Why John Walters Is Wrong About Drugs

John P. Walters, director of drug control policy under President George W. Bush, wrote on what he views as an inconsistency between libertarian philosophy and support for ending the war on drugs. He claims libertarians get it wrong on drugs.

Mr. Walters gets it wrong on drugs, as well as on libertarians.

The broad libertarian philosophy does argue, as Walters points out, that free and rational actors should be able to make decisions based on what is best in their view rather than allowing a centralized, disconnected "nanny state" to do so. He says that, therefore, libertarians believe drugs should not be outlawed, "and over time this self-destructive behavior will limit itself."

The jump from legalized drugs to curtailed drug use ignores the steps taken to get there, and suggests that Walters does not understand the libertarian position at large. Libertarians do believe that nonviolent drug offenders are punished too harshly. However, in both libertarianism and the field of economics, the argument against prohibition does not stem from the naïve belief in a utopian, drug-free world that will result directly from the lifting of all laws against drug use.

Rather, it stems from the destructive, tragically violent, racist, and wildly expensive war on drugs that -- on top of everything -- is ineffective.

The libertarian argument does not rest on some notion that drugs are completely harmless, as Walters seems to suggest. The "social and economic failure" associated with drug use that, in his eyes justify prohibition, are all happening under an already extremely prohibitive, $51 billion a year federal campaign against drug use.

If the concern is with economic failure, the war on drugs is perhaps the number one offender. If the concern lies with social failure, then we can't forget that a batch of pot brownies could land a 19-year-old in jail for life. To suggest prohibition is the best we can do to address drug use is to ignore the reality that drug supply has actually increased under our current system.

Another concern Walters raises is the vast unknown of consequences that would accompany legalizing drug production and distribution. He paints the picture of legalized manufacturing being like an "Afghan warlord with a lobbying arm and a marketing department." However, if history is doomed to repeat itself, then perhaps it's best to look at a past prohibition movement: alcohol. Alcohol abuse today is its own issue, but we are no longer thrown in jail for attending happy hour, and this is an extremely good thing. Alcohol prohibition starting in the 1920s resulted in organized crime, shoddy supply of unsanitary "bathtub gin", and a mechanically raised rate of crime.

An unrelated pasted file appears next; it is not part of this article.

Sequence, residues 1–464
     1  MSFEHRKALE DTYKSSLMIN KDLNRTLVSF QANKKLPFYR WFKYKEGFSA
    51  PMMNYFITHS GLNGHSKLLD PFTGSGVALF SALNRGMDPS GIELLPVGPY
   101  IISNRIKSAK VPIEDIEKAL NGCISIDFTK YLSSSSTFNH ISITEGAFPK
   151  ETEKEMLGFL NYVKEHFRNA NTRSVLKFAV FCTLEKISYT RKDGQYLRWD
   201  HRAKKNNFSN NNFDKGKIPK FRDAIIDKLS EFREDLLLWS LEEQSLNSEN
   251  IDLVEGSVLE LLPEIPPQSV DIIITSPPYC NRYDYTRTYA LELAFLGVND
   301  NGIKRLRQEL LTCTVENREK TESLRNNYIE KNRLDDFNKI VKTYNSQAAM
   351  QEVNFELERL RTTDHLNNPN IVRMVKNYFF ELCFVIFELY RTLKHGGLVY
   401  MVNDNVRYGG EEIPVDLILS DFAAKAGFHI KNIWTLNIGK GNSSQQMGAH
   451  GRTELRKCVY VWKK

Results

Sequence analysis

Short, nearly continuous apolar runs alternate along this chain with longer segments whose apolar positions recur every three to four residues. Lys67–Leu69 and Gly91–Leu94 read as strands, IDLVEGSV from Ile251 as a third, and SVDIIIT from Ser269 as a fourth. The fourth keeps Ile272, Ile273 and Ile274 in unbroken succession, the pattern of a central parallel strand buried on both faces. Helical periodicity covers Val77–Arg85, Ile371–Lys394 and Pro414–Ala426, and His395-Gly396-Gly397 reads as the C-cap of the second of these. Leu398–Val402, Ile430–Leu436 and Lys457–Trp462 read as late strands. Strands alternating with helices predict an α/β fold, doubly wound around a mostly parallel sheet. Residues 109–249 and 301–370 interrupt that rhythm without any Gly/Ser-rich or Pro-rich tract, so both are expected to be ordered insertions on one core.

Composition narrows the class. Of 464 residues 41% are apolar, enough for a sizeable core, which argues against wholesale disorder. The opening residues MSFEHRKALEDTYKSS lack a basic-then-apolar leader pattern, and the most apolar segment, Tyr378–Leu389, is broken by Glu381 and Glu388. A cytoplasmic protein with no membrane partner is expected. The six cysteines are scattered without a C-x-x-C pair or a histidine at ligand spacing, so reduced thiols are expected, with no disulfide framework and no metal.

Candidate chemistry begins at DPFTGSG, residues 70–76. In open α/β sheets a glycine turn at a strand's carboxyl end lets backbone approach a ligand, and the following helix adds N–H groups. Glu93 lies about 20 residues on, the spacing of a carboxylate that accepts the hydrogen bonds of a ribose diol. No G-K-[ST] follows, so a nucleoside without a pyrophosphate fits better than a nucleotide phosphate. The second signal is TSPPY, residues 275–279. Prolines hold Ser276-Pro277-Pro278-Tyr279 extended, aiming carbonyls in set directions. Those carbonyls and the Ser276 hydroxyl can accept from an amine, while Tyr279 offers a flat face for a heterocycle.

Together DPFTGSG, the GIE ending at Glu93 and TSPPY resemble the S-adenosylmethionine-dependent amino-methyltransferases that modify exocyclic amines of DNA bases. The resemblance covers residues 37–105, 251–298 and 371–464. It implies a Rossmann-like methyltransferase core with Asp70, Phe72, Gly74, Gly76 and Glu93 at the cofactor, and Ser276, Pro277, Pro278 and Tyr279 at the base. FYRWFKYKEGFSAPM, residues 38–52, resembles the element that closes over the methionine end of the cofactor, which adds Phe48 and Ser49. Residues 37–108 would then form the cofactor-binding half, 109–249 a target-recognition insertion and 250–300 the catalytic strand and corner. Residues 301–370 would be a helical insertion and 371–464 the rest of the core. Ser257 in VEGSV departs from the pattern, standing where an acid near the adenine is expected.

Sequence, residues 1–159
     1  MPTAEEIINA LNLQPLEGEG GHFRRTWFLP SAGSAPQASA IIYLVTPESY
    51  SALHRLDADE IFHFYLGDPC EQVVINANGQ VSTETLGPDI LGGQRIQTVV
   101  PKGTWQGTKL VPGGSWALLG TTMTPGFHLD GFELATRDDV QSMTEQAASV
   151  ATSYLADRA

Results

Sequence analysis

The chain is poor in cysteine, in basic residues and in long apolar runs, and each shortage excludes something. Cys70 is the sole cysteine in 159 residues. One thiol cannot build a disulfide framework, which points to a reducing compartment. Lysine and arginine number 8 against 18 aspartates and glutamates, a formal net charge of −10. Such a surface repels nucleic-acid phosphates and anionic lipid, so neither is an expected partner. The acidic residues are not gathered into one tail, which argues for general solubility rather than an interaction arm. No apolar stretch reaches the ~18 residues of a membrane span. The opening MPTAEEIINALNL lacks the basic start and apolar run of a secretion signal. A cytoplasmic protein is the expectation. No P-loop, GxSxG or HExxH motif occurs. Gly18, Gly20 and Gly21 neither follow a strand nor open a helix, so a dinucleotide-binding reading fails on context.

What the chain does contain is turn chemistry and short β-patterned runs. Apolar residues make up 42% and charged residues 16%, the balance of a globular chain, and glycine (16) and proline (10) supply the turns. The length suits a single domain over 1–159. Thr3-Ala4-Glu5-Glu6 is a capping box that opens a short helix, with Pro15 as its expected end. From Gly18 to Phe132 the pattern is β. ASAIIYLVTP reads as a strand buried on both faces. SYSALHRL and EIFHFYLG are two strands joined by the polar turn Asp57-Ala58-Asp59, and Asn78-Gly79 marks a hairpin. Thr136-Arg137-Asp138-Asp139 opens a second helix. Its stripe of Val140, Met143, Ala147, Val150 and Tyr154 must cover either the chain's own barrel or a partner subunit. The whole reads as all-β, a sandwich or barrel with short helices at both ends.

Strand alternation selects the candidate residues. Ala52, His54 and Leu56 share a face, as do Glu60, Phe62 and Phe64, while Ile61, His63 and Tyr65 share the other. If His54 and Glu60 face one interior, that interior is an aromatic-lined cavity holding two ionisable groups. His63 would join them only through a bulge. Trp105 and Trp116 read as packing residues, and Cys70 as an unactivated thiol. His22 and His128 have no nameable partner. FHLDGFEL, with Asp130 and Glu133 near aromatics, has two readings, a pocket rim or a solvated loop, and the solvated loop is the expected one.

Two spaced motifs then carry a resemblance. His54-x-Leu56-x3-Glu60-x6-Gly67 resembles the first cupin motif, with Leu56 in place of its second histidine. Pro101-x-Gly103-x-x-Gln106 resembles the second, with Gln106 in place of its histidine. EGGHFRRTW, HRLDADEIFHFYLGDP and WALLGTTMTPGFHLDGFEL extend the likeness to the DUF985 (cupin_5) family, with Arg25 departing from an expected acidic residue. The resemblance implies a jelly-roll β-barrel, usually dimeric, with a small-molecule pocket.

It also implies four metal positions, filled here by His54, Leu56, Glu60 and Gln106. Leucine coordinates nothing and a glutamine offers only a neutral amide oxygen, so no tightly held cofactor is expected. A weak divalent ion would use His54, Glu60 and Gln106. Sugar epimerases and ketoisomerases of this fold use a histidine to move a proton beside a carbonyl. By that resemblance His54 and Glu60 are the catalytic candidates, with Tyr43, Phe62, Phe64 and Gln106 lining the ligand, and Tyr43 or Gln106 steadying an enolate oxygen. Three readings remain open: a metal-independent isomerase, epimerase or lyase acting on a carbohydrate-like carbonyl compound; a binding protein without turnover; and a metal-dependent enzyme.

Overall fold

Even John D. Rockefeller, a well-known teetotaler at the time, pleaded for the repeal of the 18th Amendment due to the "evils that have developed and flourished since its adoption." To talk about what could go wrong with legalized drug manufacturing does not take into account what currently goes wrong with black market manufacturing. The one-sided argument of Walters does not address the historic reality of prohibition.

Walters' presupposition that drug users are incapable of making rational choices allows him to claim inconsistency within libertarianism. However, the hysteria over narcotics' ability to wipe out human rationality is ultimately misguided and yet nothing new. A Miami man found eating a homeless man's face while on bath salts became a relatively new poster child for the horrors of drug use, even though the toxicology report later found no actual bath salts in the man's system.

And this is not an isolated example of the exaggerated effects of drugs. Recent data-driven evidence seriously challenges the idea that drug users are irrational. Carl Hart, an author and neuroscientist at Columbia University, found that the relatively small percentage of crack-cocaine users who become addicted made rational choices between cash vouchers and various amounts of crack, depending on the perceived benefits from the amount offered.

The science on drug use and addiction is changing. And, libertarians at least, hope policy will soon follow. America is seen as an international leader in many things, but the highest incarceration rate of any country should not be one of them.

Walters is right that libertarians believe in allowing people to choose freely. He is also correct that the majority of libertarians support ending the drug war. Libertarians do not dismiss the idea that drugs can be dangerous to users and those around them. But the idea that we should maintain the status quo of a miserably failed campaign against drug use is ignorant of the externalities of such a war, as well as potential reform that could actually alleviate drug addiction.

Libertarians are generally against war, but the war on drugs is one that we'll continue to fight against on the front line.